Travel Check List

Think about the health implications of travelling abroad. With a little careful forward planning you can be properly prepared, worry-free, and ready to enjoy your time away! Here are a few essential items for your pre-travel checklist:

Travel Health Insurance

Remember to obtain a good travel health insurance policy that will pay for the cost of any medical treatment you might need abroad. If travelling within Europe get an E111 from your post office, remembering to get it stamped and signed - this will allow you to obtain free emergency treatment within the agreed countries. BUT please note, this will not cover the costs of emergency repatriation and on-going treatment in your chosen destination.

Good Sun Sense

If you are travelling to a sunny destination remember the importance of good protection from the sun. A good sun cream is essential and should be applied every few hours and after swimming. An egg-cup amount is usually enough to cover the whole body. Try to stay out of the sun between 11:00 and 15:00 o'clock, when the sun is hottest. Any changes to skin moles should be reported to your doctor on return.

Malaria and Bite Prevention

If you are travelling to a malarial destination, see our travel nurse in plenty of time to discuss malaria prevention. Bite protection is always recommended; some destinations might also recommend anti-malarial medication along with bite prevention. Not getting bitten by mosquitoes is the best way to prevent malaria and in certain locations it is essential to use repellents and/or nets.

Vaccination Advice

Whatever your travel destination, make sure that all ‘routine vaccinations’, such as tetanus and polio, are up to date before you leave. Hepatitis A and Typhoid vaccinations will also be advised for travel to most countries. If you need further vaccinations for your trip, or if you are uncertain about the requirements, see our doctor or travel nurse as soon as possible.

Preventing Traveller's Diarrhoea (by watching what you eat and drink)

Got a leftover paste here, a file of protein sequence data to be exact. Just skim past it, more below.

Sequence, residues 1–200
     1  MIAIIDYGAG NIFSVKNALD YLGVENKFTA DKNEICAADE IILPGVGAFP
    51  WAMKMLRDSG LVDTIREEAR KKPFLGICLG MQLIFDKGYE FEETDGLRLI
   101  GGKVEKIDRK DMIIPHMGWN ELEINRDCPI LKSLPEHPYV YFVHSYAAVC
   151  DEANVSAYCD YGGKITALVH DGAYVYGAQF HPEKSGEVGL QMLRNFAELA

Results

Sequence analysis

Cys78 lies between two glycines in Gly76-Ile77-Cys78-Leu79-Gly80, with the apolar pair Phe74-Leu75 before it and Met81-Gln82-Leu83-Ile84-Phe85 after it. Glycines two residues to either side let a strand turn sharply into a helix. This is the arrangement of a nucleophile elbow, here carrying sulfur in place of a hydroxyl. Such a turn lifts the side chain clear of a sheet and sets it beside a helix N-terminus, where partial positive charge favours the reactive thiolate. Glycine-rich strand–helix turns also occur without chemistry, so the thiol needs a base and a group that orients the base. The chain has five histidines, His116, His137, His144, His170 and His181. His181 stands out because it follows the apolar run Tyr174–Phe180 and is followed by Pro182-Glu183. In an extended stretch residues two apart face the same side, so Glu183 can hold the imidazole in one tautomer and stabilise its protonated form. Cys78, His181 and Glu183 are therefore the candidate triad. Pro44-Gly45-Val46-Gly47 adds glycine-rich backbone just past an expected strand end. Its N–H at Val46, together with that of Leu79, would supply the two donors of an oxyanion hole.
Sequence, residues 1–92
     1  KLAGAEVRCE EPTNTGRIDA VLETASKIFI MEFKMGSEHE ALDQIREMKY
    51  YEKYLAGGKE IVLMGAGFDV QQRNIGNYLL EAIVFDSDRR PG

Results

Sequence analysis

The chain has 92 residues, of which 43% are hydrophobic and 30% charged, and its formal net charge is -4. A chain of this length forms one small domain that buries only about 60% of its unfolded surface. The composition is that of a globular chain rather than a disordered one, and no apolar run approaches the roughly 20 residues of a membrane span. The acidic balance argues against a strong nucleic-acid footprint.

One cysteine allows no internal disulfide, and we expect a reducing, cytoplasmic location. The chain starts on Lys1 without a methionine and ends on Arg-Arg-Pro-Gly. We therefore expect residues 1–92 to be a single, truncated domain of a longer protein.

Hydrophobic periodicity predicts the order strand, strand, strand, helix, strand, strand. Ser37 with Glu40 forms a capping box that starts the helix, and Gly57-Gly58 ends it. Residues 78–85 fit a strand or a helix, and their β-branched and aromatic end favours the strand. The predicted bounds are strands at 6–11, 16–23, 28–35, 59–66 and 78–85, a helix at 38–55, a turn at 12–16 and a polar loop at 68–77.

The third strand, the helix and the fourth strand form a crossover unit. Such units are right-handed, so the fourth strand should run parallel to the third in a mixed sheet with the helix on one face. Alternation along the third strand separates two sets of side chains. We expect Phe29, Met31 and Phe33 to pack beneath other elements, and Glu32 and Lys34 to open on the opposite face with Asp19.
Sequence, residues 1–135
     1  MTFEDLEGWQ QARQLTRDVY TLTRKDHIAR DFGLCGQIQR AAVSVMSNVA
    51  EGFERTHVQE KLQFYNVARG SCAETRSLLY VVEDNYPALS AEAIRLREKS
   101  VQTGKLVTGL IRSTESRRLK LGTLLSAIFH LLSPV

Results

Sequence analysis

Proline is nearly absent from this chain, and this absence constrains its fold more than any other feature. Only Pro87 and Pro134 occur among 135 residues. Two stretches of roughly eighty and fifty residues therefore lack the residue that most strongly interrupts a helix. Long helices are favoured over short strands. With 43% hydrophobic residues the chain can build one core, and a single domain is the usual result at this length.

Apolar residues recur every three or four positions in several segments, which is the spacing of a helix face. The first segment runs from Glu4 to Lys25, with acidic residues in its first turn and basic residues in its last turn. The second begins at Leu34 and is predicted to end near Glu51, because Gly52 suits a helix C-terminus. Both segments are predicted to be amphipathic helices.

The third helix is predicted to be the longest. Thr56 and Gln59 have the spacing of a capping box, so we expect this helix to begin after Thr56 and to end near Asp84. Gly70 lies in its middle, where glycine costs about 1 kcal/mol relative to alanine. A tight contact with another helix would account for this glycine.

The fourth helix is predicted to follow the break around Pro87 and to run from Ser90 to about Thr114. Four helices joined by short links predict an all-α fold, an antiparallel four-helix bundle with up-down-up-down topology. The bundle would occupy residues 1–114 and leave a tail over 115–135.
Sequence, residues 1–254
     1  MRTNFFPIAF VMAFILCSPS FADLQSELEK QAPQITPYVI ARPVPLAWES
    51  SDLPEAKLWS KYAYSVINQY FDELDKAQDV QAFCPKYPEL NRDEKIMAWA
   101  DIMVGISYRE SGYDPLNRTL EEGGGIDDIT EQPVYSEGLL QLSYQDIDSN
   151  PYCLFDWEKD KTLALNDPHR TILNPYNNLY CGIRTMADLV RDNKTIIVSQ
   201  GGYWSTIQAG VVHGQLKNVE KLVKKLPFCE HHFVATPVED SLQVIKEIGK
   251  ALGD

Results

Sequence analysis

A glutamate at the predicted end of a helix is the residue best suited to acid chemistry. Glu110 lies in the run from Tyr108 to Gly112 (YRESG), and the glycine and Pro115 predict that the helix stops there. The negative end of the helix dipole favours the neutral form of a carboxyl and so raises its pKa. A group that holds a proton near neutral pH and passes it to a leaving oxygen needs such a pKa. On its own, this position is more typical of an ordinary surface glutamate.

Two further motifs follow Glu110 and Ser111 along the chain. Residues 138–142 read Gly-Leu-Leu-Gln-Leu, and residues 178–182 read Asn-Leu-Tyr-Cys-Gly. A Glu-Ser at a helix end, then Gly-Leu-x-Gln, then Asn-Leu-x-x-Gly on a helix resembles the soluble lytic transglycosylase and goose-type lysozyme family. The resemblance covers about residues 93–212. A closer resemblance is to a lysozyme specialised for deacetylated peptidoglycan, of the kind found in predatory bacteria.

At some destinations it is important to be careful with food and water. As a general rule, avoid foods that are not cooked, boiled or peeled. Also avoid buffet food that has been sitting out for hours. Drink only bottled drinks or boiled water.

Travelling with Existing Medical Conditions

If you have an existing medical condition or need medication, obtain adequate supplies for your trip. Take enough medication for the entire trip ... and a little bit more. If you need to carry needles or other drugs that could cause a problem at customs, get your doctor to write a letter explaining their use. Always carry medication in your hand luggage when travelling (in case your bags get lost) and keep a copy of your repeat prescription in case you need more medication while you are away.

Sexual Health

Sexual health is important when travelling. If you anticipate casual sex while you are away; be prepared, taking a supply of condoms from a recognised brand. Your doctor or local GUM clinic should immediately investigate any unusual itching, rash or discharge on return.

Last Thoughts

Finally, remember that safety regulations abroad might not always be to the same standards as they are at home. It may be appropriate to take a sterile Medical Pack. Always check the fire exits and balconies at your chosen destination, and make sure to check rental cars and sports equipment before using them. It is important to remain vigilant and not put you or your family and friends in a position that could compromise safety.